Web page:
Stories about shrinking newsrooms and more people turning to social media to find breaking stories aren’t new.
But I came across four articles this week (via my social networks) which struck me as being a) a bit sad b) a bit alarming but c) not too surprising.
Those pieces began with More bad news for Fairfax as MMP axes seven titles. The article reported that “Thirty-two employees will lose their jobs at the part-Fairfax-owned Metro Media Publishing after the suburban newspaper company announced an unprecedented closure of seven Melbourne mastheads this morning.”
Then I read Could iPhones replace news photographers? The Chicago Sun-Times thinks so which reported the following in relation to the Chicago Sun-Times:
“ … last week the paper did something unimaginable: it laid off its entire staff of 28 full-time photographers. While it’s no secret newspapers across the country are struggling to make ends meet, the move by Sun-Times goes beyond just budget cuts. Citing a need for more video content, the Sun-Times will utilize freelance photographers and require its reporters to shoot photos and videos for the stories they cover.”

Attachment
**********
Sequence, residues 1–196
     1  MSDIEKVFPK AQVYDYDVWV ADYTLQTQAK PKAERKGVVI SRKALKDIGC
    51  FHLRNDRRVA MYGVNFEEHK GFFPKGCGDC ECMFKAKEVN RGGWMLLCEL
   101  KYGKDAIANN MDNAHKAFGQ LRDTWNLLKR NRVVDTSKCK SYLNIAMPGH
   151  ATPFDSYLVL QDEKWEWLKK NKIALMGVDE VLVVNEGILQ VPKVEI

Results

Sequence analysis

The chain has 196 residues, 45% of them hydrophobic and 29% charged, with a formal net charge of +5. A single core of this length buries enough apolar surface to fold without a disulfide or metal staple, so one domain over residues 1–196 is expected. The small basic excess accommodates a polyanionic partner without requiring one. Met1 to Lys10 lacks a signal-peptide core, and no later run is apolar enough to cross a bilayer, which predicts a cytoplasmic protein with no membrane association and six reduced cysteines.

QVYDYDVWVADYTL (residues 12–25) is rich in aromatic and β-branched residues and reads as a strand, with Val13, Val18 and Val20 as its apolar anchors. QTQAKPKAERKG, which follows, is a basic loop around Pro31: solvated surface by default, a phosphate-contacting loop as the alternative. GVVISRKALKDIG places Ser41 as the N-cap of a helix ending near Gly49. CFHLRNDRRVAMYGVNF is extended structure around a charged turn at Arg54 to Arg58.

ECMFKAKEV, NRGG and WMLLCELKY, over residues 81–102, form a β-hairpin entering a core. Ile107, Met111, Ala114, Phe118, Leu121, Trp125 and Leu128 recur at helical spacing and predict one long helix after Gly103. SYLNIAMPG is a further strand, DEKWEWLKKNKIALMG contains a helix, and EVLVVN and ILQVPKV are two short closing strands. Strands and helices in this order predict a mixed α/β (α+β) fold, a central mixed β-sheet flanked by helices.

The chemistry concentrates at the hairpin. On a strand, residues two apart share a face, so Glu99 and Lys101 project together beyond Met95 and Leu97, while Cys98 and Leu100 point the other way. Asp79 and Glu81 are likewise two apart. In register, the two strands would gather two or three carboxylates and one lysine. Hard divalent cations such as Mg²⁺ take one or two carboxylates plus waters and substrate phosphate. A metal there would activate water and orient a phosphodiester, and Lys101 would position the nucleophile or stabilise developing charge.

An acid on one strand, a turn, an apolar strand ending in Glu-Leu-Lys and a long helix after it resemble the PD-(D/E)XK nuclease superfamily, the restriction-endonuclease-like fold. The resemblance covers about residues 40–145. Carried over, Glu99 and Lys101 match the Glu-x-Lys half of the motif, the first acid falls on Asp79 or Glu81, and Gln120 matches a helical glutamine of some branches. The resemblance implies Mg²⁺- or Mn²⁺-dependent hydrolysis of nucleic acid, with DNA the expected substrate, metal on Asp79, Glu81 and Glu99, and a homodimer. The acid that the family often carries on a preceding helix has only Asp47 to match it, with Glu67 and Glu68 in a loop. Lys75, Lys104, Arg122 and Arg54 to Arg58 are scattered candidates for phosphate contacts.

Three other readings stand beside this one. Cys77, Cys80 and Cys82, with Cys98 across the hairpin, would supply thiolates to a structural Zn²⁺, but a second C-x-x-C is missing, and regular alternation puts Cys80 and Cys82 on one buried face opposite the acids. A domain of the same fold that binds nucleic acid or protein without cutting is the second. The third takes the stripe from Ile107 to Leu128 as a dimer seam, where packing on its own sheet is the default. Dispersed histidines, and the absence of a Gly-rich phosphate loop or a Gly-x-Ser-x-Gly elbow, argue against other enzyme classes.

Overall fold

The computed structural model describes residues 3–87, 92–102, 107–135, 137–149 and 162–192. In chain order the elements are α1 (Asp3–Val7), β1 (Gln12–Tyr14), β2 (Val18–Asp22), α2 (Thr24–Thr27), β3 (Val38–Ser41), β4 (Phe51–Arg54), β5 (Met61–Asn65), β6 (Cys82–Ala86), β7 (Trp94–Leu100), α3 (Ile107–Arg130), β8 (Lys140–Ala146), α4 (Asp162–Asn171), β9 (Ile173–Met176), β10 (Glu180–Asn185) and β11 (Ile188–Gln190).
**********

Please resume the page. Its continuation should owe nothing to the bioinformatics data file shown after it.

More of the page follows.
The third piece – this article yesterday via mumbrella: AAP restructure sees loss of 20-25 editorial jobs reported that “Newswire service the Australian Associated Press has announced a restructure that will see a 10 per cent cut across editorial and will result in the loss of 20-25 editorial jobs.”
The final article of my little reading collection was this post I read today: When sources can go direct, do we need journalism less or do we need it more than ever? It was a good piece, which discussed how people can use social media to obtain information ‘from the horse’s mouth’ and how politicians are using social networks as their broadcast tools. The article said “ … politicians can now reach out to their supporters much more effectively by detouring around the traditional media”. However this may not be a disaster for journalism, according to the author:
“Looked at another way, however, this allows journalists of all kinds — both professional and amateur or “citizen” journalists — to move up the value chain” because “it should free up a whole class of reporters to do more value-added journalism that explains what things mean, or questions the statements of politicians.”
What do you think?
Is it high time that we ditched traditional media outlets, knowing they have their own bias, weakness and drawbacks? Or do we need the Fourth Estate now more than ever, when misinformation, myth, ghost-tweeters and propaganda is so difficult to spot?